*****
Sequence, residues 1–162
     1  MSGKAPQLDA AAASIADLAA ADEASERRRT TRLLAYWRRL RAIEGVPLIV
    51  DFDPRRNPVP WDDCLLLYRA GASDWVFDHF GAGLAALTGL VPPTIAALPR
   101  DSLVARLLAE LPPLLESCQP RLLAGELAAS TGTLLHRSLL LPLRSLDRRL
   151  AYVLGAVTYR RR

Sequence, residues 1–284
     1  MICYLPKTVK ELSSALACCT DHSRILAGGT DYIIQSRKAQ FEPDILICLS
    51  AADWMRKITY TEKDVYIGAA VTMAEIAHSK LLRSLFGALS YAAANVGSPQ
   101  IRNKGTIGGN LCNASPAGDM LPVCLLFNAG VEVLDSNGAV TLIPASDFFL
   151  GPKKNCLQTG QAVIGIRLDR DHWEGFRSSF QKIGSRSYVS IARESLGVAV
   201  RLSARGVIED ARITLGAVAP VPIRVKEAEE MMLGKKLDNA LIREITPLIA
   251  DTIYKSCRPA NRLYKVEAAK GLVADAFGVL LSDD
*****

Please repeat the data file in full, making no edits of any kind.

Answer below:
Sequence, residues 1–162
     1  MSGKAPQLDA AAASIADLAA ADEASERRRT TRLLAYWRRL RAIEGVPLIV
    51  DFDPRRNPVP WDDCLLLYRA GASDWVFDHF GAGLAALTGL VPPTIAALPR
   101  DSLVARLLAE LPPLLESCQP RLLAGELAAS TGTLLHRSLL LPLRSLDRRL
   151  AYVLGAVTYR RR

Sequence, residues 1–284
     1  MICYLPKTVK ELSSALACCT DHSRILAGGT DYIIQSRKAQ FEPDILICLS
    51  AADWMRKITY TEKDVYIGAA VTMAEIAHSK LLRSLFGALS YAAANVGSPQ
   101  IRNKGTIGGN LCNASPAGDM LPVCLLFNAG VEVLDSNGAV TLIPASDFFL
   151  GPKKNCLQTG QAVIGIRLDR DHWEGFRSSF QKIGSRSYVS IARESLGVAV
   201  RLSARGVIED ARITLGAVAP VPIRVKEAEE MMLGKKLDNA LIREITPLIA
   251  DTIYKSCRPA NRLYKVEAAK GLVADAFGVL LSDD